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A batter hits a baseball with mass 0.145 kg straight

University Physics | 13th Edition | ISBN: 9780321675460 | Authors: Hugh D. Young, Roger A. Freedman ISBN: 9780321675460 31

Solution for problem 26E Chapter 6

University Physics | 13th Edition

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University Physics | 13th Edition | ISBN: 9780321675460 | Authors: Hugh D. Young, Roger A. Freedman

University Physics | 13th Edition

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Problem 26E

A batter hits a baseball with mass 0.145 kg straight upward with an initial speed of 25.0 m/s. (a) How much work has gravity done on the baseball when it reaches a height of 20.0 m above the bat? (b) Use the work-energy theorem to calculate the speed of the baseball at a height of 20.0 m above the bat. You can ignore air resistance. (c) Does the answer to part (b) depend on whether the baseball is moving upward or downward at a height of 20.0 m? Explain.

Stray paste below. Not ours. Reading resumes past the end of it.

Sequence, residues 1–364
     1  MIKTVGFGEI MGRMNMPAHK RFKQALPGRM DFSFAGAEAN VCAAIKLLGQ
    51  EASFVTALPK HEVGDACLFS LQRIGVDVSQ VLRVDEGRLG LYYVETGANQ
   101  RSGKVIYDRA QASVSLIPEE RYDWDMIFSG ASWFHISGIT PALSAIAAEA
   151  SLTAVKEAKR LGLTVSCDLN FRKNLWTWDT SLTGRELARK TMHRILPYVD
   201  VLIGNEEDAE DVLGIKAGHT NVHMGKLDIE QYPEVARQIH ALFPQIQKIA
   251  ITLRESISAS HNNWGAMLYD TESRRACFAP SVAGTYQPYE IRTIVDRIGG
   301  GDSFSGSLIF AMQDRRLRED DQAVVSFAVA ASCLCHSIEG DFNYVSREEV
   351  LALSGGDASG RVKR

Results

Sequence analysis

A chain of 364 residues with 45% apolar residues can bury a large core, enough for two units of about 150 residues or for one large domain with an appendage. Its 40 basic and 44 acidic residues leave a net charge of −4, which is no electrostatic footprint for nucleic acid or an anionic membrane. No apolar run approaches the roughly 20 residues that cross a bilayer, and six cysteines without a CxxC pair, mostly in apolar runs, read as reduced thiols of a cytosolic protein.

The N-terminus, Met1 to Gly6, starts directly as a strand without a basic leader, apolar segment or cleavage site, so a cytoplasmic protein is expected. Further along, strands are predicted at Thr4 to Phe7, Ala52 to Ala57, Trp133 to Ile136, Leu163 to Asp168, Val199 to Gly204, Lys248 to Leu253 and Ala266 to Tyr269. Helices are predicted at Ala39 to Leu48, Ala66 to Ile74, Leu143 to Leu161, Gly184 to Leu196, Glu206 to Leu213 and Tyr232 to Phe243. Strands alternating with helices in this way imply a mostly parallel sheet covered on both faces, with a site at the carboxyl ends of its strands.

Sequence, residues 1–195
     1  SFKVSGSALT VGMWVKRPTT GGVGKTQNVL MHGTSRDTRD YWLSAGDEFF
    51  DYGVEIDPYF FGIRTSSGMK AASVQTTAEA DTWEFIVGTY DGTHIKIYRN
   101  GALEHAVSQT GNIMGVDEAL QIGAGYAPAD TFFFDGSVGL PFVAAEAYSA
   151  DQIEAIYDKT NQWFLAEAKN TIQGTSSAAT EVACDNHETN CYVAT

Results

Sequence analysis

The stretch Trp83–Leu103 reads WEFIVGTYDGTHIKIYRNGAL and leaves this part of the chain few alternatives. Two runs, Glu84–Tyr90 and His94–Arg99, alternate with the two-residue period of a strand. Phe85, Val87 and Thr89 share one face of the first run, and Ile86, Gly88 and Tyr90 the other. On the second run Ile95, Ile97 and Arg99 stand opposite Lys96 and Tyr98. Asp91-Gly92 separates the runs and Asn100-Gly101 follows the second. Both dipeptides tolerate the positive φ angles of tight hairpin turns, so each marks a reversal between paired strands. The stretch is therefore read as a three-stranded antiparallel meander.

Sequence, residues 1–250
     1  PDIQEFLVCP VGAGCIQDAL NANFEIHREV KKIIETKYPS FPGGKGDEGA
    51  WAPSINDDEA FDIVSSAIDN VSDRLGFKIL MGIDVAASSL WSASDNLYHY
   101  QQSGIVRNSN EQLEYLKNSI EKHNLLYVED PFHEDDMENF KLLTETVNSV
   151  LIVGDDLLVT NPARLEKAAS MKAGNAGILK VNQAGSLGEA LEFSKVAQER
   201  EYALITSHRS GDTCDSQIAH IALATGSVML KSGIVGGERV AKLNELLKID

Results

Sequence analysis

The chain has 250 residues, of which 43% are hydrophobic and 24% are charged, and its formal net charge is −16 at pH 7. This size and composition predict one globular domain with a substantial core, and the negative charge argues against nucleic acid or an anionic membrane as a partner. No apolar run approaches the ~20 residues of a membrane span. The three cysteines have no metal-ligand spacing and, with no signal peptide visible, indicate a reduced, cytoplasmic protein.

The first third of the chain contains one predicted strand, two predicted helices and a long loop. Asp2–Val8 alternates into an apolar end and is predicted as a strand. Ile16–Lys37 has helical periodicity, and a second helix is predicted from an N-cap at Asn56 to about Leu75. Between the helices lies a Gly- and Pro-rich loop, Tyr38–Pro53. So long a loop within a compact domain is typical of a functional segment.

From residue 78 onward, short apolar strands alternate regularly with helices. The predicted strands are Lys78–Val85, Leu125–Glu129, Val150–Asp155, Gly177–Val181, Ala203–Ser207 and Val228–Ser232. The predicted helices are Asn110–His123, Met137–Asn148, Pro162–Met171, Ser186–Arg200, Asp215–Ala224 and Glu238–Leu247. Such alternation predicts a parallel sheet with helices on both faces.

Step-by-Step Solution:

Solution 26E Introduction We have to calculate the work done using the force and displacement. Then we have to calculate the final kinetic energy and from that we can calculate the velocity of the ball at that height. Step 1 The gravitational force is given by w = mg = (0.145 kg)(9.8 m/s ) = 14.21 N This force will act vertically downwards and the displacement is vertically upwards. Hence the angle between the gravitational force and the displacement is 180°. So the work done by gravity is W = wdcos = (14.12 N)(2.00 m)cos(180°) = 28.24 J -28.24 J of work has been done by gravity on the ball. Step 2 The initial kinetic energy of the ball is And the work done, as calculated above, is W = 28.24 J. So the total energy kinetic energy of the ball at that height is Hence, if the velocity at that point2is v , then we have Hence the velocity at 2.0 m height will be 15.3 m/s.

Step 3 of 3

Chapter 6, Problem 26E is Solved
Textbook: University Physics
Edition: 13
Author: Hugh D. Young, Roger A. Freedman
ISBN: 9780321675460

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